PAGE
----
When buying classic cars, there is always a danger that you will get less than what you pay for. Vintage vehicles may appreciate in value, but always remember that these cars are ten to twenty years old–and that means there is a great possibility that there are some damages and scratches that will lessen its value.
As a general reminder, do not buy a car hastily. Take the time to inspect everything, from the exterior to the upholstery, and even the tires. Here are a few quick inspection tips when buying classic cars.
1. If you don’t know a thing about cars, contact an expert.
If you think you don’t have enough knowledge about classic cars, it is best to contact a mechanic for an inspection before you purchase. If you inspect the car without the proper knowledge, it is almost similar to not inspecting it at all. And even if you do have a car geek side, it might still be best to contact a mechanic to assist you. They might even give you a tip as to how much the vehicle is really worth.
2. Make sure you see all the paperwork and documents.
Always look for all the paperwork, from repair records to Vehicle Identification Numbers. Be suspicious of sellers who could not show all the proper documents, especially if the deal is too sweet. You would not want to risk buying a stolen car.
3. Inspect every inch of the exterior.
Check everywhere for rust. If you see one, see to it that it’s just surface rust that could be wiped off. Also look for signs of repair, and cross-check with the paperwork. If you see a repair made that’s not in the documents, ask the seller about it. Make sure that all the repairs have been made properly.
Inspect the mirrors, hinges, and all of the hard-to-inspect spots, like the space in between doors. And of course, check the body for any scratches or bumps. Don’t forget to bring a magnet, as that may help in detecting iron fillings used to makeshift-repairs for dents.
4. Inspect every inch of the interior.
Check out the upholstery. Look for cracks, stains, and loose threads. Inspect the dashboard, the door, and headliner for any damage or watermarks. If the classic car is a convertible, check out the convertible top, especially if it’s made of textile. Make sure that there are no tears. Look at all the glove compartments. Dust is okay, but hard to remove sticky stains are not.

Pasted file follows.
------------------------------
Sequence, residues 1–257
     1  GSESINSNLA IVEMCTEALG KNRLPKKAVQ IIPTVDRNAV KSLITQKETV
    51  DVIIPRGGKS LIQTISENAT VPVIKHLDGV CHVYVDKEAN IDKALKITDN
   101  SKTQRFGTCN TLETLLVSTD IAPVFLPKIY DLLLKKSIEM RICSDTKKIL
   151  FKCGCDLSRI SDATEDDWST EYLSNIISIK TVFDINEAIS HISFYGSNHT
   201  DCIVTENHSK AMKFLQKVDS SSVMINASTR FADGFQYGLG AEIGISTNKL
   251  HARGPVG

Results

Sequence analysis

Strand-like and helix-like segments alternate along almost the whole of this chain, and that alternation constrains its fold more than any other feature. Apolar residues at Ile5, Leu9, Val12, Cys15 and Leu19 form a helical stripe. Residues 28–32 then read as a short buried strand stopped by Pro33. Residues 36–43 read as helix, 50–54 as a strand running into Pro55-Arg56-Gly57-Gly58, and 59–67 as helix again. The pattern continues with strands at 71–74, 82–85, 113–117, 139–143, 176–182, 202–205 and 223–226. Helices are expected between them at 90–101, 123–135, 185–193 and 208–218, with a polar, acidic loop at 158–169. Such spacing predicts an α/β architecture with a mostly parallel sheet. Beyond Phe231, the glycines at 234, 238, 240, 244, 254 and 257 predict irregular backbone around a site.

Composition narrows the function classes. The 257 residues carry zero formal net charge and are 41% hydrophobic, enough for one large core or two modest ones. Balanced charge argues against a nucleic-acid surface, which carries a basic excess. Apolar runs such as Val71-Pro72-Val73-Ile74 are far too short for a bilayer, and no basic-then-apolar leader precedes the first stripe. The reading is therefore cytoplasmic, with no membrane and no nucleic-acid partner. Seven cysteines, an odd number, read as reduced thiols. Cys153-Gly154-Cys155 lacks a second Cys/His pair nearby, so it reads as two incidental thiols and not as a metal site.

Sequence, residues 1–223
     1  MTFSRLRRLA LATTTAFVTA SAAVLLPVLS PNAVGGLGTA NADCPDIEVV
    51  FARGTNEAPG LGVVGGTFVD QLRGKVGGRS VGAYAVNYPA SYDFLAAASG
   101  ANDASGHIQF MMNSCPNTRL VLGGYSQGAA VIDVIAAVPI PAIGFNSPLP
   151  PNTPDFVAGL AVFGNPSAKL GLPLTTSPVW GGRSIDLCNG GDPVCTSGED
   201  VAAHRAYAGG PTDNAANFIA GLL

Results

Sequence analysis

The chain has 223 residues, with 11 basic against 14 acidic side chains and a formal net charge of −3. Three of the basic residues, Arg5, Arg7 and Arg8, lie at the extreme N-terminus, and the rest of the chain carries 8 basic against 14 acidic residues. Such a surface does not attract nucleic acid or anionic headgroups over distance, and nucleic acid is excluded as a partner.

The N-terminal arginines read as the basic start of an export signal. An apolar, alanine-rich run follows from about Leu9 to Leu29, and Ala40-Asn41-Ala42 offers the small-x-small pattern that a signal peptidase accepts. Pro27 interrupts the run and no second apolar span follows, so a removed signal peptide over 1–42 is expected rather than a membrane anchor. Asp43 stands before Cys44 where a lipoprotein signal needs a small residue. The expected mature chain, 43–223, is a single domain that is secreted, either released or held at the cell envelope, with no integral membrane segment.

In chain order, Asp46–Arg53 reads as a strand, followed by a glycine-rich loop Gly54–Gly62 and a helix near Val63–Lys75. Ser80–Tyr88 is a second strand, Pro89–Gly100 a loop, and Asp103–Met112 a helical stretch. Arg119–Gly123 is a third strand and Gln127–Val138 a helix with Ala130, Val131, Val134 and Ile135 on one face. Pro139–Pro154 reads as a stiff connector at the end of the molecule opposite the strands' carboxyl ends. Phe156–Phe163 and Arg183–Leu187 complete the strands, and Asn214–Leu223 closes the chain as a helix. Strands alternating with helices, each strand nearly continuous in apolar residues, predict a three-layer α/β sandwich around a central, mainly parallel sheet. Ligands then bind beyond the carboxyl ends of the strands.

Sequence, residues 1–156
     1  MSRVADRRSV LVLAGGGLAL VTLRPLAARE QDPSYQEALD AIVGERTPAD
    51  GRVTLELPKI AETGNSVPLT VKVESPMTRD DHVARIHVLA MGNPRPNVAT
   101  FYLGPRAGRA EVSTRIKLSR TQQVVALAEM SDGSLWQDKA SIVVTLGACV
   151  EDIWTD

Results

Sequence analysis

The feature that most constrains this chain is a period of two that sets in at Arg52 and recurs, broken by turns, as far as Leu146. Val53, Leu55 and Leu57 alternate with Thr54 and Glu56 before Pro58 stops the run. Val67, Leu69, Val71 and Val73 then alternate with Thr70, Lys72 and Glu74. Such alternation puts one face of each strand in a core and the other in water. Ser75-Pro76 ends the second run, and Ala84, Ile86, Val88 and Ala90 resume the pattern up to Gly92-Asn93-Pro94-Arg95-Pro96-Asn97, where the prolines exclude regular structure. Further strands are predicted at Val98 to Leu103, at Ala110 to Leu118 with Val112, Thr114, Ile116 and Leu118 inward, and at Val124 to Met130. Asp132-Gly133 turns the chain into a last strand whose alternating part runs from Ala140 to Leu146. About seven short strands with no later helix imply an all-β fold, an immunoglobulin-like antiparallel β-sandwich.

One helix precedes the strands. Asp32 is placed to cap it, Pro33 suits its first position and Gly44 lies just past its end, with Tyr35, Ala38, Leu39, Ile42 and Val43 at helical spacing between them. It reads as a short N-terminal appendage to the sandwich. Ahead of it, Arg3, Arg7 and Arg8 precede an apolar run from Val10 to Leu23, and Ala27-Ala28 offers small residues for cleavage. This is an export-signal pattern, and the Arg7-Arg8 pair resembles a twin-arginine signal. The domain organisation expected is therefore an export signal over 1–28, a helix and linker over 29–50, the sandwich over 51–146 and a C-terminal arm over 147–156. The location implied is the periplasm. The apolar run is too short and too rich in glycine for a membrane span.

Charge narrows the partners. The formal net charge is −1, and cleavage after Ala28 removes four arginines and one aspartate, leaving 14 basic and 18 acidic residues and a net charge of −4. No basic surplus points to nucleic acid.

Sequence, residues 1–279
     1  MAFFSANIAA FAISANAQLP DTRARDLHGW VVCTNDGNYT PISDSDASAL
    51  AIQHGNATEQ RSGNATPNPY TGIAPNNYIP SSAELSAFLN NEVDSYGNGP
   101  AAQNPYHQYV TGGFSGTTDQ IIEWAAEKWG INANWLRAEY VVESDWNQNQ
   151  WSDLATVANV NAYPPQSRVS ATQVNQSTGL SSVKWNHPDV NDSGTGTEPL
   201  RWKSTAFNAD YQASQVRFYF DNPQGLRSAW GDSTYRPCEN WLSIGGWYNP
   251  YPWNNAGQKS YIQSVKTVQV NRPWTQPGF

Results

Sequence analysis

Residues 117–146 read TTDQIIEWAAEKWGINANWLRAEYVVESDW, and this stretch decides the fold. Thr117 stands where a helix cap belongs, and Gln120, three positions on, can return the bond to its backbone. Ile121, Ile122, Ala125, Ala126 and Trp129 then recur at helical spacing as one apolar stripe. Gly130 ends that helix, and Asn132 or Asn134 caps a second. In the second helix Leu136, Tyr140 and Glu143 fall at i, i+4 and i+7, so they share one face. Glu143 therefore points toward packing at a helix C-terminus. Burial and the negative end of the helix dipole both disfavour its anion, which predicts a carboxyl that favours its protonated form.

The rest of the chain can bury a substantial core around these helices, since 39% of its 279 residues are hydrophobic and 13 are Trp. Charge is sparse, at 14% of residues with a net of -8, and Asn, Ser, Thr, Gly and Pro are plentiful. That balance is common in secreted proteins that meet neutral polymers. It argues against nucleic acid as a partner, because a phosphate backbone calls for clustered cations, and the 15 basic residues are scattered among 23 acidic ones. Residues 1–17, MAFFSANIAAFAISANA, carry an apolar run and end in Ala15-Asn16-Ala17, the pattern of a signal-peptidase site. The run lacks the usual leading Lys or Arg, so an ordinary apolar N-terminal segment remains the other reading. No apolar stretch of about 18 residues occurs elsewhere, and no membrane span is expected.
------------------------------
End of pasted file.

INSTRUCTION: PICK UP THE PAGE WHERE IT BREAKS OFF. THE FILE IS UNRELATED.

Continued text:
5. Check under the hood and all other mechanisms.
Look for leaks, loose wirings, and rust. Check for water in the oil and fuel filter. Inspect the belts for tears and possible stress. Do know the history of the particular car, and make sure that the engine is original (unless the owner says that it’s modified). Honk the horns, operate the wipers, and check the handbrakes.
6. Go for a test drive.
Ask the owner to start the car. Black or blue smoke out of the exhaust is not a good sign. Start the car yourself and listen to how the motor hums when idle, as well as when revved. Take the car for a ride, and observe the car’s performance. How well does it accelerate? Is the suspension handling high-speed stresses well? Are the brakes too light or too strong? Is the steering wheel responsive enough? And finally, check the tachometer, speedometer, and odometer.
Correctly inspecting a classic car may help you save a few bucks, especially if you know what to look for. Negotiate fairly. If the seller won’t agree to your terms, leave the car. Unless it’s a very rare first edition make, you could probably find another one that’s much cheaper or easier to restore.